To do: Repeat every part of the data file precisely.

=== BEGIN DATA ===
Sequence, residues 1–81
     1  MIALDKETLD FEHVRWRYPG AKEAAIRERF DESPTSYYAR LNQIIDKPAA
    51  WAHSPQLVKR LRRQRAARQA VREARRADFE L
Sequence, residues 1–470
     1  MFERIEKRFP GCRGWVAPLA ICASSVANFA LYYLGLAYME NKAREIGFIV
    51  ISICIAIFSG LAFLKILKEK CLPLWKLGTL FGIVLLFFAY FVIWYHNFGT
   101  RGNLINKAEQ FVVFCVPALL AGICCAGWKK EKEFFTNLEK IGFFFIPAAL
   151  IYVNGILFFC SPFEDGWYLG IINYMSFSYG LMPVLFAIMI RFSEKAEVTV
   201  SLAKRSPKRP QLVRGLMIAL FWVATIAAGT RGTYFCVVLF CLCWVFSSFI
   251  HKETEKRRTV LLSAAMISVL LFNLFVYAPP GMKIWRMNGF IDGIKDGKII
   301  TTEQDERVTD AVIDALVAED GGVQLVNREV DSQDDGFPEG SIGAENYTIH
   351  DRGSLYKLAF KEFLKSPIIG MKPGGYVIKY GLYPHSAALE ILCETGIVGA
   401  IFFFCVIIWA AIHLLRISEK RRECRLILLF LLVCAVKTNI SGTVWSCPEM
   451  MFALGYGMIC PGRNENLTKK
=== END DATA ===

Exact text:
Sequence, residues 1–81
     1  MIALDKETLD FEHVRWRYPG AKEAAIRERF DESPTSYYAR LNQIIDKPAA
    51  WAHSPQLVKR LRRQRAARQA VREARRADFE L
Sequence, residues 1–470
     1  MFERIEKRFP GCRGWVAPLA ICASSVANFA LYYLGLAYME NKAREIGFIV
    51  ISICIAIFSG LAFLKILKEK CLPLWKLGTL FGIVLLFFAY FVIWYHNFGT
   101  RGNLINKAEQ FVVFCVPALL AGICCAGWKK EKEFFTNLEK IGFFFIPAAL
   151  IYVNGILFFC SPFEDGWYLG IINYMSFSYG LMPVLFAIMI RFSEKAEVTV
   201  SLAKRSPKRP QLVRGLMIAL FWVATIAAGT RGTYFCVVLF CLCWVFSSFI
   251  HKETEKRRTV LLSAAMISVL LFNLFVYAPP GMKIWRMNGF IDGIKDGKII
   301  TTEQDERVTD AVIDALVAED GGVQLVNREV DSQDDGFPEG SIGAENYTIH
   351  DRGSLYKLAF KEFLKSPIIG MKPGGYVIKY GLYPHSAALE ILCETGIVGA
   401  IFFFCVIIWA AIHLLRISEK RRECRLILLF LLVCAVKTNI SGTVWSCPEM
   451  MFALGYGMIC PGRNENLTKK